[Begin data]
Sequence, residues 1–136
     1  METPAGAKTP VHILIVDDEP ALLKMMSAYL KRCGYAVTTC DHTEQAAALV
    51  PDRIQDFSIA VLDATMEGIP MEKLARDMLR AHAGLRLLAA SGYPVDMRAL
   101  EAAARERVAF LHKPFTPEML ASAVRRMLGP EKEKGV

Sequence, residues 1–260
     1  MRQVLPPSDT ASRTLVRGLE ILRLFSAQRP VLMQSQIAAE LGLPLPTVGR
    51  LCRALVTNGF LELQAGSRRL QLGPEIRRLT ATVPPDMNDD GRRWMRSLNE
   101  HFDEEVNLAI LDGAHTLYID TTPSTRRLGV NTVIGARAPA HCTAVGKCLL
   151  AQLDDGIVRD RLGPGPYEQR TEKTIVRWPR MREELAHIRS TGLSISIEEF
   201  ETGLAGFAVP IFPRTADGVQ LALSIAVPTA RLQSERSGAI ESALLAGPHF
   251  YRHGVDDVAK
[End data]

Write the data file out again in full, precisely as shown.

Sequence, residues 1–136
     1  METPAGAKTP VHILIVDDEP ALLKMMSAYL KRCGYAVTTC DHTEQAAALV
    51  PDRIQDFSIA VLDATMEGIP MEKLARDMLR AHAGLRLLAA SGYPVDMRAL
   101  EAAARERVAF LHKPFTPEML ASAVRRMLGP EKEKGV

Sequence, residues 1–260
     1  MRQVLPPSDT ASRTLVRGLE ILRLFSAQRP VLMQSQIAAE LGLPLPTVGR
    51  LCRALVTNGF LELQAGSRRL QLGPEIRRLT ATVPPDMNDD GRRWMRSLNE
   101  HFDEEVNLAI LDGAHTLYID TTPSTRRLGV NTVIGARAPA HCTAVGKCLL
   151  AQLDDGIVRD RLGPGPYEQR TEKTIVRWPR MREELAHIRS TGLSISIEEF
   201  ETGLAGFAVP IFPRTADGVQ LALSIAVPTA RLQSERSGAI ESALLAGPHF
   251  YRHGVDDVAK